The Writers Guild of America strike isn't even two weeks old and it is already wreaking havoc -- not on the striking writers or the network and studio executives against whom they are protesting, but on hundreds (and before long thousands) of hard-working individuals who are not on strike. They are the soon-to-be unfortunate souls who work in and around the television business.
Stories are circulating about the impending firings and layoffs of staffers at an ever-growing number of scripted television series. With shows out of production because there is nobody writing them, or because actors, show-runners and directors, among others, are choosing not to cross picket lines and continue working, the crushing economic hardship of the strike is about to begin. Thousands of working-class people in Los Angeles -- many of them living from paycheck to paycheck -- may soon find themselves on the unemployment line, and the timing couldn't be worse, given the mortgage crisis that threatens to consume entire neighborhoods of that city like the raging wildfires of recent weeks, the soaring cost of gasoline (L.A. is especially vulnerable to pain at the pump), the general weakening of the economy and the arrival of the holiday season. It's a perfect storm of misery.
Of course, striking writers and their colleagues in New York and elsewhere will be similarly impacted, but the majority of the collateral damage will occur in L.A. The misfortune will come in waves: Thousands of people who work in the movie industry are currently employed on productions from scripts written in the recent past, but when those projects are completed sometime in 2008 they will all be in deep trouble, too.
The longer this strike lasts, the worse it will be for everyone. And let's not even think about the very real possibility that members of the Screen Actors Guild and the Directors Guild of America will also walk off the job next June -- especially if the demands of WGA members are not met by the networks and studios before that time. (The issues of concern to members of all three Guilds are very similar.)
Seriously, the strike mess is spreading everywhere. As I write this, it is unclear if members of the Television Critics Association will meet in January for their annual winter tour, when they preview upcoming programming from all cable and broadcast networks -- because the besieged broadcasters are contemplating pulling out of the tour. That may not sound like much of a crisis to most people, but for the many TCA members who work for publications outside of New York and Los Angeles, these twice-yearly tours represent their only opportunities to talk and conduct in-person interviews with executives and actors. The material they gather keeps their columns vital for months to come. With budgets being slashed at newspapers across the land and everyone under intense scrutiny, it is entirely possible that some of these people will suffer professional hardship without the TCA tour, or with a reduced tour that does not include the broadcast networks. No amount of telephone interviews can replace the vibrant copy that comes from attending press events in person.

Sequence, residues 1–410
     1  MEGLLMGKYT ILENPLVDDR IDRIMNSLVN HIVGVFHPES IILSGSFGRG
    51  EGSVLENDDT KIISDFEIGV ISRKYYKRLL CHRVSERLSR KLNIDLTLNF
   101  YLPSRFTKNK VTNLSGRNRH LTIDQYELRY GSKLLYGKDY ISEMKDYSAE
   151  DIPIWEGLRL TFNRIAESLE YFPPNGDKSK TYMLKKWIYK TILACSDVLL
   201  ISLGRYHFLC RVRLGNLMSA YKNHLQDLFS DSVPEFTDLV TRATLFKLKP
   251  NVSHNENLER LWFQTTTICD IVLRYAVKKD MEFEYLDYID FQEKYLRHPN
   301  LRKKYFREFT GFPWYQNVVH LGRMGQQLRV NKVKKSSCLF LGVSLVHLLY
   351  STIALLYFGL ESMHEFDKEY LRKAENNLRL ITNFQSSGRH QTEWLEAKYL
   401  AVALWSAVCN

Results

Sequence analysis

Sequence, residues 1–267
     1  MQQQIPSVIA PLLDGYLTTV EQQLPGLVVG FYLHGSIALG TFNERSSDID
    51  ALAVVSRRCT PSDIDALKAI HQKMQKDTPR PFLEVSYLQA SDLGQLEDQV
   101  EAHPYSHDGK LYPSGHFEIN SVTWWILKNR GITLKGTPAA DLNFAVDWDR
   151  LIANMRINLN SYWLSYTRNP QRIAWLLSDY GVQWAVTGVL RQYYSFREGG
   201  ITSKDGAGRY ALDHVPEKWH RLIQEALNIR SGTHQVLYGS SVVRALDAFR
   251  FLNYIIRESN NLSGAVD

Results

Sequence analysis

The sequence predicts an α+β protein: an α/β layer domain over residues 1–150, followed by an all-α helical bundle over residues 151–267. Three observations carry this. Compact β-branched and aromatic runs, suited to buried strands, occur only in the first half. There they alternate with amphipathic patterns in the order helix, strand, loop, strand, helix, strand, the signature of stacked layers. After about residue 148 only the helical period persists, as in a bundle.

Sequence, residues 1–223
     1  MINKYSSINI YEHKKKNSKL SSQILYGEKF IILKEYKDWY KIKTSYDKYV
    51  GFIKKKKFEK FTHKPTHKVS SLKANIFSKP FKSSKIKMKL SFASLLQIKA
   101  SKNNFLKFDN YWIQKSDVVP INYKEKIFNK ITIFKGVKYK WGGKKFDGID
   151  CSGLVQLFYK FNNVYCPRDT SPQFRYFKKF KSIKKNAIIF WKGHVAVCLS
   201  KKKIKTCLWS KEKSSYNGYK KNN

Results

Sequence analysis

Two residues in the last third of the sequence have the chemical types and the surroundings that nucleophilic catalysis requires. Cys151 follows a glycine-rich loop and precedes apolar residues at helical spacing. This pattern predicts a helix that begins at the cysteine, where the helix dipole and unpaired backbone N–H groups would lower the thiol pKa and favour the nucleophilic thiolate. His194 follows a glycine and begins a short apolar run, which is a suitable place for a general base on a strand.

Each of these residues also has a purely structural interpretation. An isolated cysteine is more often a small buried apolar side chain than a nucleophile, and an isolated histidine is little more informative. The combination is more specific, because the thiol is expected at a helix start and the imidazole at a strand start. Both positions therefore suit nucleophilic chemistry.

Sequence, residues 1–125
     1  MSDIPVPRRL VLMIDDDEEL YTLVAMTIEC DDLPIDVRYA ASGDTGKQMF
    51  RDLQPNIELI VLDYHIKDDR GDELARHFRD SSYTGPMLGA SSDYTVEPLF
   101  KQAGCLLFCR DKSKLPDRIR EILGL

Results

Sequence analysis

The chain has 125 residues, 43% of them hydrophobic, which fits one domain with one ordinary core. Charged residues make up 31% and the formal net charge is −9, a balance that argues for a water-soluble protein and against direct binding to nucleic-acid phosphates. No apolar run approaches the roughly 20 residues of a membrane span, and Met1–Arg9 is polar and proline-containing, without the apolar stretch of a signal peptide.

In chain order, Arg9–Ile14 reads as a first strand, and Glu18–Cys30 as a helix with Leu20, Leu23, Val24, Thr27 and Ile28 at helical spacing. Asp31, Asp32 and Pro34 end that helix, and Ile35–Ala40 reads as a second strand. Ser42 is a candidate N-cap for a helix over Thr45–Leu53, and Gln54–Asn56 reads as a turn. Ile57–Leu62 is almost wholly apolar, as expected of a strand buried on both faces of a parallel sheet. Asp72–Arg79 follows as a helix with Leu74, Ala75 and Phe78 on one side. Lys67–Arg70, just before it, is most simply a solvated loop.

It's easy to get pissed at WGA members when you sit back and watch the ripple effects of their work stoppage, and with thousands of innocent people poised to suffer egregious losses. After all, the rest of us don't get perpetual royalties from the work we do for our employers, even those of us who provide content in other areas of the media. And most of us don't make anywhere near the amount of money that talented scriptwriters do when they are actually working. And most of us work 50 weeks a year with only two weeks of vacation time to call our own, so we find it hard to relate to able-bodied adults who say that they need residuals because there are gaps between their work cycles and unemployment will only go so far during their "dry" periods. Is there any reason they can't get a real job that isn't filled with so much built-in down time, just like the rest of us? How about a second job to make ends meet?
And yet, it is even easier to get pissed off at the networks and studios, because while it may appear to ordinary people that scriptwriters don't need to demand anything more from anybody, the actual demands that they are making of colossal media corporations don't look like much of anything to begin with.
I have read dozens of columns and reports about the strike, and they have only added to the growing mix of disgust and despair that I feel for the overall situation. But earlier this week I came upon a very heartfelt missive from one of the writers and actors on Comedy Central's Reno 911! that brought it all into simple focus. Robert Ben Garant, formerly of Farragut, Tennessee, and a member of the WGA, composed his thoughts as a guest contributor to Tele-Buddy's Tinseltown Tales, the online blog of Knoxville News Sentinel television critic and bon vivant Terry Morrow. Garant clarifies what the actors are asking for and what the studios have told them. He cuts right through all the crap in the manner of an ordinary Joe talking to his family and friends back home. I learned a few things from his commentary -- and you will, too. I feel that I can trust Garant: He misspelled Rupert Murdoch's last name, and that makes him real people.